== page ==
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The Task Centred Book

Author: Peter Marsh
Publisher: Psychology Press
ISBN: 9780415334563
Size: 42.89 MB
Format: PDF, ePub
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Peter Marsh and Mark Doel's new book is a radical departure from traditional literature on social work methods. The main reference point is the voice of practitioners, service users and carers, as researched and developed by the authors over twenty years.

Generalist Practice

Author: Eleanor Reardon Tolson
Publisher: Columbia University Press
ISBN: 9780231121828
Size: 10.50 MB
Format: PDF, Kindle
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This basic textbook seeks to establish a "task-centered" methodology -- a structured, short-term, problem-solving approach -- applicable across systems at five levels of practice: the individual, the family, the group, organizations, and communities. The second edition offers more information on systems theories and includes case studies with each chapter. Checklists are provided for each level of practice along with questions for consideration and practice exercises to help students monitor their understanding and skill development.

A Brief Introduction To Social Work Theory

Author: David Howe
Publisher: Macmillan International Higher Education
ISBN: 023036523X
Size: 56.74 MB
Format: PDF, Mobi
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Learning about social work theory is a bit like hot air ballooning – it's about looking at the world from above and going on a voyage of discovery to find out what guides social work practice. In 25 clearly labelled chapters, this book explains and discusses social work theory in a crisp, clear and accessible way. Whether you're a student, a newly qualified social worker or a 'seasoned' professional you will find plenty in this book to inform, enlighten and refresh you. Written by David Howe, one of the top British writers in social work, his simple, easy-to-read style makes this text ideal for quick reference in lectures, on placement or in practice. A Brief Introduction to Social Work Theory manages to be both compact and comprehensive. You will return to this 'can't live without it' text time and time again.

The Evidence Based Social Work Skills Book

Author: Barry Cournoyer
Publisher: Pearson College Division
ISBN: 9780205358625
Size: 63.17 MB
Format: PDF, Mobi
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During the 21st Century, social workers will increasingly use evidence-based knowledge to plan, implement, and evaluate the quality of their own professional activities. This book explores the skills needed for evidence-based social work (EBSW). This book emphasizes the importance of applied practice, critical thinking, and self-directed lifelong learning. Readers will learn the fundamentals of the EBSW skills, practice them to establish beginning proficiency, and then apply them to a target client group of their choosing. Social workers and anyone interested in practicing evidence-based social work.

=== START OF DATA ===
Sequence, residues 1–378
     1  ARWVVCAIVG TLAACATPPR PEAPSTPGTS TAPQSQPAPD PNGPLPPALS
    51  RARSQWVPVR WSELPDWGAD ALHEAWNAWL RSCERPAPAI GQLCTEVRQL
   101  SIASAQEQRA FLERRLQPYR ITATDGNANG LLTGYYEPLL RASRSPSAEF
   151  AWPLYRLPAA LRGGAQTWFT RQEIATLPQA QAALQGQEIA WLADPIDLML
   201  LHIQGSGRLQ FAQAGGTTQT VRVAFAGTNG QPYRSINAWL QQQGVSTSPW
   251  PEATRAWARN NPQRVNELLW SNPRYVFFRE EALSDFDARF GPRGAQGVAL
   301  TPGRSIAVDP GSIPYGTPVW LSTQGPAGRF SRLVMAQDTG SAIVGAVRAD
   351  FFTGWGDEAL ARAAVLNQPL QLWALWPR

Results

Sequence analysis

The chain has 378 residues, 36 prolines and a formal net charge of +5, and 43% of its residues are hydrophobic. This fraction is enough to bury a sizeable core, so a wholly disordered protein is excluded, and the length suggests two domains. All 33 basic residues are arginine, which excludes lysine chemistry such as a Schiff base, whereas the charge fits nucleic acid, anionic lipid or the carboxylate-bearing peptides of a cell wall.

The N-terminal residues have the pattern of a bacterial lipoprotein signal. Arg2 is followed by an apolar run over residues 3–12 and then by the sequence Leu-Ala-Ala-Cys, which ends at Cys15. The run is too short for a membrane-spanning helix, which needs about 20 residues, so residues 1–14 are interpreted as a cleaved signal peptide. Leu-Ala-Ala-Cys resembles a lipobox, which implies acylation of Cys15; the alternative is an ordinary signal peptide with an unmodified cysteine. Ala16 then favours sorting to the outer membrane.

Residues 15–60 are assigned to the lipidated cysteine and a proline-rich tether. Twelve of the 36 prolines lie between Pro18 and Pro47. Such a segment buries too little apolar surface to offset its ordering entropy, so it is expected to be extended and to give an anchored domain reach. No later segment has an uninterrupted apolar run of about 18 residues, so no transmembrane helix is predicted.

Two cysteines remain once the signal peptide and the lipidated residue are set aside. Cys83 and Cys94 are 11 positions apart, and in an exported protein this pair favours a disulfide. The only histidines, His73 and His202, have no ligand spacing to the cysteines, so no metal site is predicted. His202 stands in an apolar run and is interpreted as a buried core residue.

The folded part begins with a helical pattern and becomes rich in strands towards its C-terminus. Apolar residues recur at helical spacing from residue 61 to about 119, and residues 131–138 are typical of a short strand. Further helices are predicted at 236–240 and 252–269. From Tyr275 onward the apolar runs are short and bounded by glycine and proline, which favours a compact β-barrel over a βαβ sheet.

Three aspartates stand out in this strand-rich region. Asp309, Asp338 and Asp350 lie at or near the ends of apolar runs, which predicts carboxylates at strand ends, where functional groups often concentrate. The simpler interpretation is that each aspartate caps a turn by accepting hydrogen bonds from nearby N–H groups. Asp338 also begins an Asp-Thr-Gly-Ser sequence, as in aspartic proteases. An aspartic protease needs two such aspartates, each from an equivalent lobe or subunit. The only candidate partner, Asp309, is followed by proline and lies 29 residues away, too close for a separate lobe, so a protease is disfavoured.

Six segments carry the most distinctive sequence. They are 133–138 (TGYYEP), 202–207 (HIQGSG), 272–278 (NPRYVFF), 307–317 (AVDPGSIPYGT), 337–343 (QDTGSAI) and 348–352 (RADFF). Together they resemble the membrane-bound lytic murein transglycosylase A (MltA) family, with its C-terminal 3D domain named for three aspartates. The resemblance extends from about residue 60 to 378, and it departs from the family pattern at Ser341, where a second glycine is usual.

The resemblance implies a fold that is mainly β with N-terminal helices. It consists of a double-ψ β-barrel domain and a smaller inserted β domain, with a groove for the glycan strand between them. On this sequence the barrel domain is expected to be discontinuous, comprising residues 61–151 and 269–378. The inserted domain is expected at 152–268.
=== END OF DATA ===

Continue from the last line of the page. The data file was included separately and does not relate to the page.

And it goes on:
Integrating Social Work Theory And Practice

Author: Pam Green Lister
Publisher: Routledge
ISBN: 1136487395
Size: 63.74 MB
Format: PDF, Mobi
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All social work students study theory and undertake practice placements. Integrating the two – so that each informs the other – is both essential and notoriously tricky. This accessible book demystifies the process and offers helpful evidence-based strategies for doing it successfully. Structured around different approaches to learning, Integrating Social Work Theory and Practice covers: Adult and student centred learning Learning and teaching techniques and assessment methods How to locate and identify theory How to critically analyse theory Key theoretical concepts in social science Issues surrounding anti-oppressive theory and practice Methods of intervention Integrating theory and practice in academic work and on placements. This essential text helps students to identify, critically analyse and apply theory appropriately, enhancing their practice. It will be useful to all social work students struggling with the theory-practice gap.

Social Work Skills And Knowledge

Author: Pamela Trevithick
Publisher: McGraw-Hill Education (UK)
ISBN: 0335240623
Size: 52.77 MB
Format: PDF, ePub
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Social Work Skills is considered to be a leading text in the field of social work skills and methods, and clearly illustrates how these two are linked, with a grounding in theory and knowledge.

Practising Welfare Rights

Author: Neil Bateman
Publisher: Routledge
ISBN: 1134243227
Size: 29.76 MB
Format: PDF
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Practising Welfare Rights aims to improve awareness among people working in social work and advice agencies about the skills required for effective welfare rights work, and offers guidance for managers and other professionals about how to develop a welfare rights service. Written by a well-known author, trainer and adviser on welfare rights issues, this book includes: learning objectives activities to test understanding illustrative case studies. It also covers core welfare rights skills, such as interviewing, legal research, negotiation and advocacy, and discusses the historical, social and economic forces which have shaped welfare rights practice as well as the politics of welfare. An accessible book which highlights the place of welfare rights practice in modern society.